Overvalued Overstreet | Conan #3

I guess I’ll stick with picking books from some of my favorite runs of comics and tackle Barry Windsor-Smith’s terrific run in Conan #1-24, focusing on one culprit in particular the “low distribution” issue #3.

In the late seventies and early eighties Conan was a very hot title and the first twenty-four issues of the series were immensely popular, and rightfully so, they were and still are some of finest comics ever produced.

Conan The Barbarian 3Our Overvalued pick Conan #3 carried a significant premium price and still does for having a “low distribution in some areas” notation attached to it in the Overstreet Price guide. For an elusive book every store I visited seemed to have one, and at a premium price. At the time I just considered myself lucky to find one, paid the premium price and happily added the treasure to my collection.

Fast forward to today. Conan the Barbarian comics have fallen on hard times. I can’t account for the deep drop in interest in these books. Perhaps they were overheated price wise for too long. The character Conan may have lost some of his appeal when Arnold Schwarzenegger got too old to play the part in movies. Outside of issues #1 and #23-24 (first Red Sonja issues) which hold their own, the rest of the issues in Conan #1-24 don’t get near guide. As a matter of fact, I have personally purchased a few over the past couple of years at about 60% of guide. I have witnessed many books going for less than 50% at auction and on eBay. I am talking books in the 9.0-9.4 grade range.

Conan #3 has been hit hard as well, however the price of the book is still the 2nd highest of the entire run and even if it doesn’t get near guide, costs much more than other books in the run. Why? What does “low distribution in some areas” even mean in a post internet world. Surely Overstreet doesn’t believe there is still a shortage of books out there when anyone with access to a computer and credit card can purchase books from practically anywhere in North America.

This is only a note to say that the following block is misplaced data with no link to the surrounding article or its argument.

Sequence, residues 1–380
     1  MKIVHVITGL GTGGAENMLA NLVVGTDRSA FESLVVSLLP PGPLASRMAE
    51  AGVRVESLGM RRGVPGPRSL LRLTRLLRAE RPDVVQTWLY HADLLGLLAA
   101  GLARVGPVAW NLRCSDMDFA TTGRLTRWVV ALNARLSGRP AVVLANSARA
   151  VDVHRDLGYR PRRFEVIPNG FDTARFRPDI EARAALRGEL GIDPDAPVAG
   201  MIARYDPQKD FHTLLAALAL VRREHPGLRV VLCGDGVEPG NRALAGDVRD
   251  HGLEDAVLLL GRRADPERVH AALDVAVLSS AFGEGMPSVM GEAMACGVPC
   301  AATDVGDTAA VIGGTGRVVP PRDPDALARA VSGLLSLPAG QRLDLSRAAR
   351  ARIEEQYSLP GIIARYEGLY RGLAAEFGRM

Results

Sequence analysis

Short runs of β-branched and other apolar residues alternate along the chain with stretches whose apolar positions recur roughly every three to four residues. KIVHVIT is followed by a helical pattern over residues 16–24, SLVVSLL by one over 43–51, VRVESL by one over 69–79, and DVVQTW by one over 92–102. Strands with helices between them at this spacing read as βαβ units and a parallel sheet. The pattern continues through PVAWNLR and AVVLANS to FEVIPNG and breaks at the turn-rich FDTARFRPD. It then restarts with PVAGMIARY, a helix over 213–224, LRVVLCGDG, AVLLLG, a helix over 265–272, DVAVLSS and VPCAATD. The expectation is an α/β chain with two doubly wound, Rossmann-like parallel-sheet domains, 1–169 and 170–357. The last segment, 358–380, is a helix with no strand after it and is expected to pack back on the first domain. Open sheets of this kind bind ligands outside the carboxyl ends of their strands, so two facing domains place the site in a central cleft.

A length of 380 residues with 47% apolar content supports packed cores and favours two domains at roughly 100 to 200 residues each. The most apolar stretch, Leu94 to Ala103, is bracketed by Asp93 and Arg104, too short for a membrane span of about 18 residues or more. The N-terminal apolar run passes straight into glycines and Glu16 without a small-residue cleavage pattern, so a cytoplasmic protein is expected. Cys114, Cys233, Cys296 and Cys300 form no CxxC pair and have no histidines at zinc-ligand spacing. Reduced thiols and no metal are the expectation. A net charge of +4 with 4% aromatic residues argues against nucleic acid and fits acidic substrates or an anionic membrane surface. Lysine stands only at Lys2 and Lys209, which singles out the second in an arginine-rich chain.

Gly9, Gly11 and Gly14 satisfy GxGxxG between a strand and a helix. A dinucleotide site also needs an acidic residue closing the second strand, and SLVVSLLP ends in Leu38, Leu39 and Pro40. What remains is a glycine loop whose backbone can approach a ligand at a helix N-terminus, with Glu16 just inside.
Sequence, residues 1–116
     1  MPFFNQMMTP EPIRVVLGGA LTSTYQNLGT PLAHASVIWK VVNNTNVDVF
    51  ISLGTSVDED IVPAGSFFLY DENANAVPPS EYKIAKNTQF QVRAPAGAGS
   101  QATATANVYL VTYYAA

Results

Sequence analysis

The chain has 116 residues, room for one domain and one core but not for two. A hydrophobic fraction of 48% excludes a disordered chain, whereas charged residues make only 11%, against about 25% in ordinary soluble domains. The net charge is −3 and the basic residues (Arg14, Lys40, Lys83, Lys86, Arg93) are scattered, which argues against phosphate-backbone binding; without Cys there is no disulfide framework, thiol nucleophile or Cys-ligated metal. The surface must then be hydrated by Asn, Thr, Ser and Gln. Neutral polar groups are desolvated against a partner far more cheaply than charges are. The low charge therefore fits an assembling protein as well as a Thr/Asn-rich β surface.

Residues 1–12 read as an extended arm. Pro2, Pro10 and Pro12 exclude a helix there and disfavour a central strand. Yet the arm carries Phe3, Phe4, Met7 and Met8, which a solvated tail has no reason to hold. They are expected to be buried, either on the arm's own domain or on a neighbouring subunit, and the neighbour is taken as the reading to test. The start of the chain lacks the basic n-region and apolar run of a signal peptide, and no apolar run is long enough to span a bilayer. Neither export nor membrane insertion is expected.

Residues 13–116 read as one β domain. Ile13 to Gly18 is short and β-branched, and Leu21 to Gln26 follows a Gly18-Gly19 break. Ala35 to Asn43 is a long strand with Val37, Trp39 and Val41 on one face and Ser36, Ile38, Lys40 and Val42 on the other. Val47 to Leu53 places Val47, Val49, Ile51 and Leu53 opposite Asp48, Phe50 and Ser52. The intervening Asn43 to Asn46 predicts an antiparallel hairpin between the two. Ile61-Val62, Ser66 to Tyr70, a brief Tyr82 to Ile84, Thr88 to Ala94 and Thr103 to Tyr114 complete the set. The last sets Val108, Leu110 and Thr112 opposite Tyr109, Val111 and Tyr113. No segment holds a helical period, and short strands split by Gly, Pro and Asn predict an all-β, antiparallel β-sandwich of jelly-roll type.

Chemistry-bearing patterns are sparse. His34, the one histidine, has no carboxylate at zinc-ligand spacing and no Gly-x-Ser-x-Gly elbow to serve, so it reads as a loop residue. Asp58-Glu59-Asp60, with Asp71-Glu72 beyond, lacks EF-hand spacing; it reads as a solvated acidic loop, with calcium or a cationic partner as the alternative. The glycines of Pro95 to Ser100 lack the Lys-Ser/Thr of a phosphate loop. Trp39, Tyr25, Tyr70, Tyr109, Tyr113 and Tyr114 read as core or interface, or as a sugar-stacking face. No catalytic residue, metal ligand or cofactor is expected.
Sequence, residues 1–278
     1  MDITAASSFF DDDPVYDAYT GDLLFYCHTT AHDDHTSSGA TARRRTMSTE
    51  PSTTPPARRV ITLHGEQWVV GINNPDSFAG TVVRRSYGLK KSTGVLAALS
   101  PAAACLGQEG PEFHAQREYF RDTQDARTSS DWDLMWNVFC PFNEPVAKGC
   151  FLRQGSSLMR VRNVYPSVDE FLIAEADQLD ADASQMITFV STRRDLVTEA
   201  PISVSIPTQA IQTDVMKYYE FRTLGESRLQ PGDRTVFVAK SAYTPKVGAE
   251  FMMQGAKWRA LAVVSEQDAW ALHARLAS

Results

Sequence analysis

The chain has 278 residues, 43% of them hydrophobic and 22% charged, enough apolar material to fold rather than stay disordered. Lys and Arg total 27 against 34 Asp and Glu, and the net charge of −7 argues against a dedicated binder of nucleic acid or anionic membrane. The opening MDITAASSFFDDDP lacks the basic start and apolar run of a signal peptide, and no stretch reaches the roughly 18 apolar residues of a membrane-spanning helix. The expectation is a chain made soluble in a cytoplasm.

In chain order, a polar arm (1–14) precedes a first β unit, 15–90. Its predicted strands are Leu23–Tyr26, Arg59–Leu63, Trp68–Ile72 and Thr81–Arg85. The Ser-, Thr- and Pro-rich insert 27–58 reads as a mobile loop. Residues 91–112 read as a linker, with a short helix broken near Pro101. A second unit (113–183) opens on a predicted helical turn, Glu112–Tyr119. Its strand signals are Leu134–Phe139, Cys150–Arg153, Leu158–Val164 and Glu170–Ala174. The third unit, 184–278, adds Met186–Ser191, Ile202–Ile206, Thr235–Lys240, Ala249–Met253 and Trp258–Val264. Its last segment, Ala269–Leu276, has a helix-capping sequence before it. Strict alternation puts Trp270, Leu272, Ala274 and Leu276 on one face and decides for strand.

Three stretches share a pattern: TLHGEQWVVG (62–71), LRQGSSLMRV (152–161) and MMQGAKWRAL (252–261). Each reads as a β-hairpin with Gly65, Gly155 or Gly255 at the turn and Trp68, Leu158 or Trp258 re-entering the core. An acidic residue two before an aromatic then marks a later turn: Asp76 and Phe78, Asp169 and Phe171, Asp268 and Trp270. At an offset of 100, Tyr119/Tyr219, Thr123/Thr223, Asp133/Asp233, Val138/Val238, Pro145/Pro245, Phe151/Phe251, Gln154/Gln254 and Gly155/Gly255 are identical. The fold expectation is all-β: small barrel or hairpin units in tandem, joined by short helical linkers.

I searched for an answer to my “low distribution” question and actually found one. It is from a column written by Chuck Rozanski called “Fooling Bob Overstreet”.

Chuck Rozanski, for those of you don’t know, is the owner of Mile High Comics in Denver Colorado. He is also the man who has lived every comic dealer and comic collector’s dream by discovering the most famous and influential comic collection on the planet – The Edgar Church collection. Chuck writes a column called Tales from the Database, and I have read a few posts from it in the past and really enjoyed them. If you love comic’s it’s usually a worthwhile read even if you don’t agree or like what he has written…

I had not read Chuck’s “Fooling Bob Overstreet” column until recently and may have discovered at least a partial answer to my “low distribution” question. Here is an excerpt from the post that is most relevant to our Conan #3 spotlight pick. I do encourage you to check out the whole post though to put this into its proper context.

I want to tell you a short story about Conan #3. For the past 25 years, that issue has been listed in the OFFICIAL OVERSTREET COMIC BOOK PRICE GUIDE as having low print run in some areas. Ummm, I don’t think that really true. Back in the early 1970’s, CONAN was our best-selling title. A peculiarity about those early days, however was that the CONAN paperback books were all still in print, and fans really cared about which issue adapted which R.E.H. story. Issue #3 contains the adaptation of Grim Gray God, which was especially popular. As a result, we were constantly sold out of issue #3, while issue #1 tended to stick around longer because of the higher price. To rectify the problem, all of the Denver area dealers started marking #3 as “scarce” and pricing it above #1. To our amazement this “fact” ended up in Bob Overstreet’s price guide soon thereafter. To this day, I can’t help but smile whenever I see that notation in the guide.

Yikes! A need a moment pause for Overstreet content and how it get’s there.